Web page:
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August 4, 2010 at 3:46 PM

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Didier and Akers get their shot at Rossi

Posted by Jim Brunner

Note: Post updated at 7:10 p.m. with additional excepts from the ed board interview

Republican U.S. Senate candidates Paul Akers and Clint Didier finally got a debate of sorts with GOP front-runner Dino Rossi.

The three sat side-by-side Wednesday morning for an interview with the Seattle Times editorial board. It was their first and perhaps only side-by-side appearance before the Aug. 17 primary.

(The ed board runs the opinion pages of the Times and is separate from the news department. However, news reporters are frequently allowed to sit in on candidate interviews.)

Akers is a Bellingham businessman and inventor who touts his "problem solver" credentials. Didier is a former NFL tight end and Pasco farmer running as a conservative tea party favorite.

Both men are considered underdogs to Rossi, the former state senator and two-time gubernatorial candidate who was recruited by national GOP leaders who believe he has the best chance at unseating incumbent Democratic Sen. Patty Murray.

In recent days, Didier and Akers have joined together in calling for Rossi to debate them, and for the Washington D.C. establishment to "back off" and allow local voters to decide the outcome of the Aug. 17 primary.

In the Wednesday appearance, the trio agreed on many broad issues, frequently nodding at each others' statements. (Murray was in Washington D.C. and did not participate in the event.)

They were united in bashing federal stimulus funds and corporate bailouts and in calling for tax cuts. Their views of global warming ranged from skeptical to dismissive.

But the candidates parted ways on other topics, such as whether to amend the Constitution to deny citizenship to the children of illegal immigrant and on whether to quickly pull out of Afghanistan.

Throughout, Rossi stayed focused on a presumed November match-up with Murray, repeatedly referring to her, not the other Republicans, as "my opponent."

Some highlights: (post updated with additional quotes now.)

On Afghanistan:

Didier said the U.S. should leave, questioning the reason for fighting "in an area that's been in conflict since before American was ever in existence."

"I think we get out," Didier said. "There is no clear cut plan for victory , so our troops are being put in harm's way for what? A police force?"

"Bring our troops home and put them on the border where they can be more useful," he said.

Akers and Rossi were more cautious, saying there was justification for the U.S. being in Afghanistan. Both praised President Obama's choice of General David Petraeus to lead the fight there.

"The sacrifice we have made is noble and worthy of our support," Akers said.

Rossi said he wants troops to come home "as soon as possible" but said the terrorist camps in the country "needed to be dealt with." He said he'd rely on the military "folks in the field" to determine when to pull out.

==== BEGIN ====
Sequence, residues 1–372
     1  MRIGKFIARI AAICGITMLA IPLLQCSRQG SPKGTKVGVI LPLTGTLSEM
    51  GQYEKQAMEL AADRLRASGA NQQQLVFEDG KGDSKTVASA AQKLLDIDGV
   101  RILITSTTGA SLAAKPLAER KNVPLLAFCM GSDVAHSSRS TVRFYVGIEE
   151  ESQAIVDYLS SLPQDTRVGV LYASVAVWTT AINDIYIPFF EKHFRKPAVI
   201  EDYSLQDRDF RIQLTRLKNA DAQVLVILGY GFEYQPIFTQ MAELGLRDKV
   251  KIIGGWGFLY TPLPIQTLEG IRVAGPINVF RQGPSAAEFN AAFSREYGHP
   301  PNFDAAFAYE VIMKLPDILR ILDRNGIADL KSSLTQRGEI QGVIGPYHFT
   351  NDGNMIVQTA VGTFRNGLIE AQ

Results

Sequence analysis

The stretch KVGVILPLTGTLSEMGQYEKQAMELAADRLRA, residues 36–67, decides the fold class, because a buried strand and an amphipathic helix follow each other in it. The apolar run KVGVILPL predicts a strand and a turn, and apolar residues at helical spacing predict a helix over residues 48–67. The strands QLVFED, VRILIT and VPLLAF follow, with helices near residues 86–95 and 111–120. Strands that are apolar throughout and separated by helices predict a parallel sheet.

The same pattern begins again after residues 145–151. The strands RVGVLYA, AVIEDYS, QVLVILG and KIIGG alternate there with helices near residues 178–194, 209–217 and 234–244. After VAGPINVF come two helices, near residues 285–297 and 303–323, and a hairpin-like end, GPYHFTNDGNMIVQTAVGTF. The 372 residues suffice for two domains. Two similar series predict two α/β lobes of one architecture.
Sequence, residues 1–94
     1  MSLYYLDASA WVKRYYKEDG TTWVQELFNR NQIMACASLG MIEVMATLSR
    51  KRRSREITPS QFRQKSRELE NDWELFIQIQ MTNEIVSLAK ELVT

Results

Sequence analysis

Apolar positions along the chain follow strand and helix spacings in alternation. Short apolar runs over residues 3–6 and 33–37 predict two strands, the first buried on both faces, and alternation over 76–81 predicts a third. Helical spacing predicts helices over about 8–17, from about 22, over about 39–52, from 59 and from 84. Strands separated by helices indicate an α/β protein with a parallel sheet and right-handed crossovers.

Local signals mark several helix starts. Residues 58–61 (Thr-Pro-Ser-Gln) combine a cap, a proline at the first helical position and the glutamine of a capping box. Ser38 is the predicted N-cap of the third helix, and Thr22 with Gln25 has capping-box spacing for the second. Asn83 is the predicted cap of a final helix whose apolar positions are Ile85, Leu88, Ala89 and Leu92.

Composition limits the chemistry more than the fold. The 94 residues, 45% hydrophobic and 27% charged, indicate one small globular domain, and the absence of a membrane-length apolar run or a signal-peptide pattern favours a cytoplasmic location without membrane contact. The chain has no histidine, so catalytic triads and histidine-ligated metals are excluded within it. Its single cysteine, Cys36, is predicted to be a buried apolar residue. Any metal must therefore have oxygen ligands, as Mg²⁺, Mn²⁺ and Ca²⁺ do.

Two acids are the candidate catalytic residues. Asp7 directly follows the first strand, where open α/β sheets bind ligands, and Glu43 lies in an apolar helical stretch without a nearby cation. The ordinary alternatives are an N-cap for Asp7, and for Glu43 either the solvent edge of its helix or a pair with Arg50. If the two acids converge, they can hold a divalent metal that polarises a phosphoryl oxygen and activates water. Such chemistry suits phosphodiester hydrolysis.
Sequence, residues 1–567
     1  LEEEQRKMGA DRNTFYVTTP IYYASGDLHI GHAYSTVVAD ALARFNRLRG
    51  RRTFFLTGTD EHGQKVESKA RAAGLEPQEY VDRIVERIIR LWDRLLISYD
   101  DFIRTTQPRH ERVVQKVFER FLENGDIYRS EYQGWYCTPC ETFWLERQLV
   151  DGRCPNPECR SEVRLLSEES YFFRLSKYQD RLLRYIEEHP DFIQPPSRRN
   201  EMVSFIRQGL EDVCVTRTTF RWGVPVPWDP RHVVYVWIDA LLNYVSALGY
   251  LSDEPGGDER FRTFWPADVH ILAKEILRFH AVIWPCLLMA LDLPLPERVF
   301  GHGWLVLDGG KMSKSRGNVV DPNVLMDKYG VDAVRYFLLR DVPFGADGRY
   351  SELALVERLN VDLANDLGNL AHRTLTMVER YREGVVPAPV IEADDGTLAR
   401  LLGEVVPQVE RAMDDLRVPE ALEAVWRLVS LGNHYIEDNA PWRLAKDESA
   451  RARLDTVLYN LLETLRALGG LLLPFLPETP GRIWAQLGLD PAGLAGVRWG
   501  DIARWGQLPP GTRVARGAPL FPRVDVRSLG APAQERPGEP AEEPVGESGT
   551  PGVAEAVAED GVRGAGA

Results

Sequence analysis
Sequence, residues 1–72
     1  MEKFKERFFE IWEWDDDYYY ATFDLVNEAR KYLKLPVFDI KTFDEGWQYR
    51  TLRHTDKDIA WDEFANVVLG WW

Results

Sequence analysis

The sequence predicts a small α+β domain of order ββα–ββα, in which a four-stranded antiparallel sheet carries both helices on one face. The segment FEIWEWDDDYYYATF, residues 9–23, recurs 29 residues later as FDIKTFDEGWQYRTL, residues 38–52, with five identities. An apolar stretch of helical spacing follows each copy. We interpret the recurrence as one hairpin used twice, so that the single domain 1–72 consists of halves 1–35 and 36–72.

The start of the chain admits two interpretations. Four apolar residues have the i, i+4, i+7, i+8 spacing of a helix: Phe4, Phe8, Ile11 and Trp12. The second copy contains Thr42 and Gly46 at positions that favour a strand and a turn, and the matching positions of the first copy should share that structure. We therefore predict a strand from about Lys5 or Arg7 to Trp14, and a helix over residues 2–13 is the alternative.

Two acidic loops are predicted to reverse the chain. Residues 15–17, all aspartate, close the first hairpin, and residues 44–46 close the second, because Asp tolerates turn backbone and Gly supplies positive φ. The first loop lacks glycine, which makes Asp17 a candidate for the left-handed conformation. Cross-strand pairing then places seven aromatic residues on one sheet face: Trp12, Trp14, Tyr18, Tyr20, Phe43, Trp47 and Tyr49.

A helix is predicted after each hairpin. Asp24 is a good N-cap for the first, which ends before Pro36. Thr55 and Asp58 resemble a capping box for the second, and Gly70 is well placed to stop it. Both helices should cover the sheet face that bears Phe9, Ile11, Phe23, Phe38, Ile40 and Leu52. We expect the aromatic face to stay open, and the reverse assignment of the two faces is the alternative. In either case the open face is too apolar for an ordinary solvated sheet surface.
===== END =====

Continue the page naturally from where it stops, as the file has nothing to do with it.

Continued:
On immigration:

Didier supported recent talk by Republican leaders about revisiting the 14th Amendment to the U.S. Constitution, which grants citizenship to children born in the country even if their parents are here illegally.

Didier called it a "family" issue. "By allowing illegal people to come into America and have a child, and that child becomes a citizen, we have just broken up that family," he said.

Didier said he understands why immigrants are attracted to America's freedoms. "I don't blame them one bit. But we've got to take into account that people are coming here illegally and purposely having children to help aid their families to become citizens. And this has got to stop."

Rossi and Akers disagreed, both casting it as a side issue to the larger problem of securing the borders.

"I've heard people talking about that the last couple of days and that's not what I'm advocating for," Rossi said.

On the larger issue of immigration, Akers said the U.S. should make its legal immigration process less cumbersome by setting up new Ellis Island-type facilities in places like El Paso and San Diego.

Akers said people should be allowed to come into the U.S. to work temporarily, but have 25 percent of their pay confiscated, to be returned when they go back to their home countries.

As for tracking immigrants, Akers suggested turning over the job to FedEx and UPS. "They track 25 million packages a day," Akers said. "They'll do an infinitely better job of solving the problem."

Rossi said the U.S. needs "a physical barrier" at the border. "When we deport people they walk back across," he said, and some commit violent crimes.

"We have to be able to check the backgrounds of people who are coming. It wouldn't be hard for Al-Qaeda to drop someone in northern Mexico and have them walk across the border."

Rossi took no position on what to do with the millions of illegal immigrants here now, saying that can be assessed only after the border is secure.

On climate change: